1. You ask a lot of questions

You’re curious by nature, which means you’re attentive. You enjoy making assessments about individuals and determining candidates’ suitability for the roles you’re recruiting.

A candidate’s suitability for a role is dependent upon several variables. How would this person fit into the team/organisation? How likely is this person to stay in a temporary position if what they are ultimately seeking is a permanent role? Communication is key, and you know that asking these questions is crucial to you placing the right candidate.

2. You know that a candidate’s experience on paper does not always determine whether or not they would be suitable for the role they have applied to

You’re thinking about bringing a gun candidate in for a job interview after they applied for one of the jobs you advertised. They possess all the relevant experience and systems knowledge. You’ve already taken the candidate through an in-depth phone-screen, and it seems that they fulfill all the requirements of the role. However, this person does not drive. They would be required to take two trains and one bus in order to be able to get to the job location. They assure you that they are still happy to be considered for this role, because ‘any job is better than no job.’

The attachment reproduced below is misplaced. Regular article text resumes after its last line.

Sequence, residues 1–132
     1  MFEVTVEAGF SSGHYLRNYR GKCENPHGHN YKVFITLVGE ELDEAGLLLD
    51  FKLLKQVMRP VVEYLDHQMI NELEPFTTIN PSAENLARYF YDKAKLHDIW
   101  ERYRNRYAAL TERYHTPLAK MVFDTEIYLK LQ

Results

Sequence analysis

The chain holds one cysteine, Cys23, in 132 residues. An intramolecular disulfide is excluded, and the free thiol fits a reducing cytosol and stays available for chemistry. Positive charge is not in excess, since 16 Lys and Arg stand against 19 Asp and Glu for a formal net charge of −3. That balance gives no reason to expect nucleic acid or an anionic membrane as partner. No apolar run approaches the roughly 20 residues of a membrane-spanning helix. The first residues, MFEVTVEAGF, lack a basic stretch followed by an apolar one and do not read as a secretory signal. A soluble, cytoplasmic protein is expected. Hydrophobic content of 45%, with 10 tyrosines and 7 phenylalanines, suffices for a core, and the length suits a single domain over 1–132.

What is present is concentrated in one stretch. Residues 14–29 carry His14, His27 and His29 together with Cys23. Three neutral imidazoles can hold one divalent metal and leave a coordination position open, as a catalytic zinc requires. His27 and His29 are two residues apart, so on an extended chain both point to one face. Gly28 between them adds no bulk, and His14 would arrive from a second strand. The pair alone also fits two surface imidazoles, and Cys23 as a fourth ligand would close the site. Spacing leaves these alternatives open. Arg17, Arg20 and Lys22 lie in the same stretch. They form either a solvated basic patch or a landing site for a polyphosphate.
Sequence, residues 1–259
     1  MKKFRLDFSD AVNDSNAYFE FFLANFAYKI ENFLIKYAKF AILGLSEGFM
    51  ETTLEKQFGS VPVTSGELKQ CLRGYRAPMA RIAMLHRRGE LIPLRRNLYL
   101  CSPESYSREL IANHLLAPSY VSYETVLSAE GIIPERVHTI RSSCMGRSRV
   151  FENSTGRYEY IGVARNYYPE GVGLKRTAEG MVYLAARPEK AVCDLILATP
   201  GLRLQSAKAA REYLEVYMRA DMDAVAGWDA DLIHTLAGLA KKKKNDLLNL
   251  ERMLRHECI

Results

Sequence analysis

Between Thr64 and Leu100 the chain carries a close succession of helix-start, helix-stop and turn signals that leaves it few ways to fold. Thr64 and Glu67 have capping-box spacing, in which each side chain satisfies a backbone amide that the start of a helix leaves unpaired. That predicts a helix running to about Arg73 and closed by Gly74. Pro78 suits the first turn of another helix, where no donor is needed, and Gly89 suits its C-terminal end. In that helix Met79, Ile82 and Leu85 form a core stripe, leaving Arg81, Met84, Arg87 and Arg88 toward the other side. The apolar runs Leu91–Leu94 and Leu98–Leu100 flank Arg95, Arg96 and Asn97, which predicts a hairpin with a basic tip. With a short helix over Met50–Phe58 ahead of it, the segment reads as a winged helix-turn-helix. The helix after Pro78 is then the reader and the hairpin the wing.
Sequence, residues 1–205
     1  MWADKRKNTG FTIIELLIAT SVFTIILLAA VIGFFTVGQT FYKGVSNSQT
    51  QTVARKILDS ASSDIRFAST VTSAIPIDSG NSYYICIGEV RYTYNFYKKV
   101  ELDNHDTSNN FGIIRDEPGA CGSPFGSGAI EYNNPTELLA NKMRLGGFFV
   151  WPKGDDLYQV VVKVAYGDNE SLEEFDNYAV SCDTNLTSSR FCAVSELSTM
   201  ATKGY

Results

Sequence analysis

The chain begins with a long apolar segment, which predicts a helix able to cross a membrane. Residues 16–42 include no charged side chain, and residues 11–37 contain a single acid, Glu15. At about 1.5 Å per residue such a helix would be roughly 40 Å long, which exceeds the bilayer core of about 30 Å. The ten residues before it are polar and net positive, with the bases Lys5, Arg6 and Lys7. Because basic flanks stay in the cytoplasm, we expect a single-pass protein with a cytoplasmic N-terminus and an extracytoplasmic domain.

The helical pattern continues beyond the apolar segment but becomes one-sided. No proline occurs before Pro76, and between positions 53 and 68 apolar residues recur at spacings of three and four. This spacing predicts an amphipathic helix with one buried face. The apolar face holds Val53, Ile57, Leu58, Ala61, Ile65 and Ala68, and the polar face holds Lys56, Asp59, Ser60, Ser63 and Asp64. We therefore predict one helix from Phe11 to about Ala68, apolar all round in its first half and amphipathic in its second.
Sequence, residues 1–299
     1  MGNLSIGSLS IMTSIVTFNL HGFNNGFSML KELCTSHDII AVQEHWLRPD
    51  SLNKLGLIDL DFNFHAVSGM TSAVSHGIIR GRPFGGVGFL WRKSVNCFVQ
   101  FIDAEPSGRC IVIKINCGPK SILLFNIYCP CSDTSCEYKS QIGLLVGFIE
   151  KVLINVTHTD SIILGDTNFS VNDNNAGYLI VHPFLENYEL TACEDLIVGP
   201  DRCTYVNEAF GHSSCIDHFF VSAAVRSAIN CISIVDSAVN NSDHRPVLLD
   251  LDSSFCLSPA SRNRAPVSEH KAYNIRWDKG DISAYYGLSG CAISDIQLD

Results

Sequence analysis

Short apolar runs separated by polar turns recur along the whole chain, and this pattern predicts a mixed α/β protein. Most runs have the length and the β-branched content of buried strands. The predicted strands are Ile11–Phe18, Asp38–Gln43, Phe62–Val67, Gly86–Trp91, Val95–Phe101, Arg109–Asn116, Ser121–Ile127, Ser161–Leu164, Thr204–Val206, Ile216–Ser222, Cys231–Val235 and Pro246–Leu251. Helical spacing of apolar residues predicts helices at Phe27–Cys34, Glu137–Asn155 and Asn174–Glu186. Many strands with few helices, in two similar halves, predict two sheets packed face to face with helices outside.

Despite the fact that this person is potentially about to commit to a daily commute time of over 2 hours, the candidate is almost overly enthusiastic about the role. Red flag territory? Potentially. It is possible that this person will leave if they are offered a role closer to home. Do you progress with this candidate post-interview? Possibly but guardedly. You might prefer to invest more time sourcing a suitable candidate whose commute time is shorter and less taxing from a logistics perspective.

3. You’re a networker

Cultivating relationships and building rapport comes naturally to you. You know that not every opportunity will fall on your lap. You know that candidates can potentially turn into clients, and you approach every candidate that you interview with a high level of professionalism.

4. You’re a good listener

The more attentively you listen to your candidate, the easier it will be to place them in the right position. You need to take into consideration their strengths, motivations, areas where they need to develop/ build on their skills, and the type of working environment that they’d be best suited to. If they have only worked in very large teams in an autonomous environment, you need to consider how they will adjust to a small business with few employees.

5. You always have a back-up plan

Recruitment requires the ability to deal with an ever-changing landscape, never more so than currently. Hiring and candidate intentions change constantly, but that’s what keeps it interesting. If you can be adaptable, and take into consideration a range of variables that may affect the end outcome, then you will succeed. If you are currently in the job market or know someone who is, feel free to get in touch with the team.

Genevieve Kyte

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